NEW YORK -- Count the New York Yankees among those determined to stop bullying in schools.
The organization on Wednesday posted a video with an anti-bullying message on its social media accounts. The video featured 24 of its players as well as manager Aaron Boone.
The video, which featured players and manager holding up a series of notecards as music played behind them, was the Yankees' response to a similar video posted by 10-year-old Cassidy Warner. The Scranton, Pennsylvania, fourth-grader has gone viral after media and other celebrities have taken notice of her mission.
Hey Cassidy - we saw the video you made and from all of us here at the New York Yankees, we want you to know that you are not alone. We have your back! https://t.co/uuRb0ghzf1 pic.twitter.com/V2EeuJ1YmW— New York Yankees (@Yankees) April 18, 2018
"You are not alone!" a message to Warner, held by Aaron Judge, said in the Yankees' video.
"To stand up for something like that, was an easy call for us as an organization, for our players, and hopefully we can make a difference not only in this situation, but across the country," Boone said during a news conference Thursday.
New York's Triple-A affiliate, the RailRiders, plays in the Scranton/Wilkes-Barre area.
In her original video, Warner shared to Facebook her story of being bulled at her elementary school. She said she had been bullied since she was in the first grade. Bullying during a recess period one day upset her to the point that she decided to post her video.
"The group of kids above came up to me during recess, trying to fight me," Warner's notes said in her video. "They hit me, kicked me, pulled my hair, pushed me, stepped on me, spit on me ...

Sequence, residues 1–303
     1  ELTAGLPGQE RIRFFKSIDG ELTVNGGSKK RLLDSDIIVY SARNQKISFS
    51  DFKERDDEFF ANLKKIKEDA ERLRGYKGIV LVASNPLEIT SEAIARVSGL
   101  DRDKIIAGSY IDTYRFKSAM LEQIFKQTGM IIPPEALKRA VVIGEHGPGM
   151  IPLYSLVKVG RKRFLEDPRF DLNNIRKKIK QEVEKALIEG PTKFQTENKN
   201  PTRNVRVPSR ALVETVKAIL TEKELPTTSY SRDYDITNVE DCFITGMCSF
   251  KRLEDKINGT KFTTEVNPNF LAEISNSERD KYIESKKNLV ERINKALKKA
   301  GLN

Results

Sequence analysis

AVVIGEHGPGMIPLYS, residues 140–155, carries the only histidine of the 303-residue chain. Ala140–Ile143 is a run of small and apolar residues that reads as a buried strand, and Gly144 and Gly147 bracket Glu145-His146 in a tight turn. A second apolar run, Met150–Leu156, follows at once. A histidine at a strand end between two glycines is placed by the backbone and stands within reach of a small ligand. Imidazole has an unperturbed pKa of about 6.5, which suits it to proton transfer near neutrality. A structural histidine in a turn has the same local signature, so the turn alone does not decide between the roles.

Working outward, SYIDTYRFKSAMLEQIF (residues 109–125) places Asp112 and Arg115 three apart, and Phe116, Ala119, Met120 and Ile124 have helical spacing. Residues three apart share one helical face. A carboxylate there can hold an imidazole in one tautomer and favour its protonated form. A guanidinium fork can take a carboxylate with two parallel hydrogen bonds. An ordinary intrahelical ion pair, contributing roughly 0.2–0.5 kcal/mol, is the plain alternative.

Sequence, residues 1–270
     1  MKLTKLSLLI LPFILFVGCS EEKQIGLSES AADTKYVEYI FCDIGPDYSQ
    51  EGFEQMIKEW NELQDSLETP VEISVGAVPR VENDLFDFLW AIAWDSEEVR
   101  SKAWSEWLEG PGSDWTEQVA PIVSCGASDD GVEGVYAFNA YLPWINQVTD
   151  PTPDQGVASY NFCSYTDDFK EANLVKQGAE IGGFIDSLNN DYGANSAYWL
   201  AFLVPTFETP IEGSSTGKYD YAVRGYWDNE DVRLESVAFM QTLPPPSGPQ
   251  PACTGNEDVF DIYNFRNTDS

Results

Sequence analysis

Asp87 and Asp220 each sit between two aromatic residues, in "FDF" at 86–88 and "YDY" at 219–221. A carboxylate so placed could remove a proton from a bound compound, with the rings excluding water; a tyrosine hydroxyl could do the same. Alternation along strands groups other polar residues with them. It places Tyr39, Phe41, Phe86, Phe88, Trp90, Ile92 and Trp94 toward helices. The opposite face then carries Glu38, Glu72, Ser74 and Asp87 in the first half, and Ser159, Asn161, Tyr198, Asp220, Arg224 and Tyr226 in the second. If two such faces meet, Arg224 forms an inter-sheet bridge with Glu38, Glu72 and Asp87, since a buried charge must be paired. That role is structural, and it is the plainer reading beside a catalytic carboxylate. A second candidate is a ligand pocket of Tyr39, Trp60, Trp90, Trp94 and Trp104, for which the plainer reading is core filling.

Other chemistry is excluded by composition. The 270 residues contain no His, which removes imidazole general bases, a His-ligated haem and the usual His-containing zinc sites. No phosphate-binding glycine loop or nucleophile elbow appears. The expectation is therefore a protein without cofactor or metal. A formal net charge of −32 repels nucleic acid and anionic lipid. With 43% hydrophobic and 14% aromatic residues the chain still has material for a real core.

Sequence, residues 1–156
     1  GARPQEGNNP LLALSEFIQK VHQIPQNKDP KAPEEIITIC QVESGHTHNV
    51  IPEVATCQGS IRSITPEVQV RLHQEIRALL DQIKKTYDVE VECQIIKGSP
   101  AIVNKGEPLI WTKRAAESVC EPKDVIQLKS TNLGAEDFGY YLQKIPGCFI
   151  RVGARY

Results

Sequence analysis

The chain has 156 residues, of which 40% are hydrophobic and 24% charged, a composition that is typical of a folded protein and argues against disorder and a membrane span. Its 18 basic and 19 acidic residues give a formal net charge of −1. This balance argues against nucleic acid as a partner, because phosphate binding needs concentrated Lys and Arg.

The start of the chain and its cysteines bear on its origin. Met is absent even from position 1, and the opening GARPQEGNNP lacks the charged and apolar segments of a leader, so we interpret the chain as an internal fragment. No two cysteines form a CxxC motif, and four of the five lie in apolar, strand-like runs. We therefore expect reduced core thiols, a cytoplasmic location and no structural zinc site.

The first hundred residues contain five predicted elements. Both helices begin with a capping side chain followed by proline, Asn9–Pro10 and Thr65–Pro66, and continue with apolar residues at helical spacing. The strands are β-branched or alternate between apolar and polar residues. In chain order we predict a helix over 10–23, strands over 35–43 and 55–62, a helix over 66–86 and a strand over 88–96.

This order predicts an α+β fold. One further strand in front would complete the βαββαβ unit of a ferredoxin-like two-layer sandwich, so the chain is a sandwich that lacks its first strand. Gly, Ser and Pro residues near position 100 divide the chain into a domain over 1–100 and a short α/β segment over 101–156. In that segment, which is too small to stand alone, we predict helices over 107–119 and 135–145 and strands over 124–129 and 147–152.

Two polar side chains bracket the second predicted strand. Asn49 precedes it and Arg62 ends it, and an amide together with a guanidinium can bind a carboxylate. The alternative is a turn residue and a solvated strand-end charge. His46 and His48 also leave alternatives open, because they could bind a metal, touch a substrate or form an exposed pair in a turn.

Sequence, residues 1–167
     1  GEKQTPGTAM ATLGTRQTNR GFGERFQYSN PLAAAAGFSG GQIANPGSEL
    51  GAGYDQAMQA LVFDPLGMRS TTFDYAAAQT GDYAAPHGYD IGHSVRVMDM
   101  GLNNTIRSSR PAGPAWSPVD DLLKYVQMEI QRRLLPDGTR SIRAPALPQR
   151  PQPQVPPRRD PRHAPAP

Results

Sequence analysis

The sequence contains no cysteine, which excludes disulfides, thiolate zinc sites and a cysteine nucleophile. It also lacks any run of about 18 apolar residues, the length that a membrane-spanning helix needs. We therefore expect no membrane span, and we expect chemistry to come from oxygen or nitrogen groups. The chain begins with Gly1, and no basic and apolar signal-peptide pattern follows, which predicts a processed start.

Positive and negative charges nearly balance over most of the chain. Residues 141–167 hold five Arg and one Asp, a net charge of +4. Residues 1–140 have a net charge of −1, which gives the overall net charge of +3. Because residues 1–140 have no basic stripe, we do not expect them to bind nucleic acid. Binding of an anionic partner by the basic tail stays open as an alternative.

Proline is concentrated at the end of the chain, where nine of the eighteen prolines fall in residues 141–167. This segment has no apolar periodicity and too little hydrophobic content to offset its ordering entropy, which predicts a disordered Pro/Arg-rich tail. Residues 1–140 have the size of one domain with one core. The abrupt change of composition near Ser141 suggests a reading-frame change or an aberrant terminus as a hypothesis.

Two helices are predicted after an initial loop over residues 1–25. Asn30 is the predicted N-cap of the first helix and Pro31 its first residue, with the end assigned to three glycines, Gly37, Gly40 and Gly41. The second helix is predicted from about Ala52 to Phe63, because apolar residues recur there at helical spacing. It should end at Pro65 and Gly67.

"Kids don't even want to go near me. Wherever I sit at a lunch table, the kids get up ...
"They threaten to kill me, and they tell me to kill myself ..."
Warner's mother, Jenn Slater, said on a subsequent Facebook posting of the video that Scranton School District officials had threatened her daughter to take down her posting. According to Slater, when the young girl wouldn't remove the posting, school district officials turned the matter over to Facebook, which removed the video because Warner wasn't 13 years old -- the minimum age to have a Facebook account.
Slater said her daughter's original video had about 22,000 views before it was removed. After she reposted the video to her own page April 4, Slater has seen the response explode. As of Thursday afternoon, the second posting of Warner's video had more than 265,000 views.
The Yankees found out about Warner's video last weekend while in Detroit, waiting through a series of games that ultimately got rained out. Vice president of communications and media relations Jason Zillo brought the video to the attention of others in the organization, Boone said.
"To see our guys stand up and have a role in that is not surprising because I know all those guys in that room and the character that they [have]," Boone said. "It was something that we're glad that we could maybe play a small role in helping a bad situation out."
When she saw the Yankees' video, Slater messaged her thanks: "Let's just say I cried!! So much respect for the New York Yankees!! Thank you so much for this!!!"
In addition to Judge's message, the Yankees held notes that contained phrases such as these:
"We know that sharing your story must have been difficult ... But you showed courage ... And strength ... And inspired us to reach out to you ... We may be older than you ... We may be taller than you ... But we want you to know ... That we look up to you ..."
Center fielder Aaron Hicks' notes told Warner that she was welcome to sit at the Yankees' lunch table in their clubhouse "anytime."
"[We] would love to continue to grow that relationship and maybe we'll get her out to a game and get her to meet some of our guys," Boone said Thursday.
The Yankees' video concluded with Boone sporting the only smile. His message simply said: "See you soon!"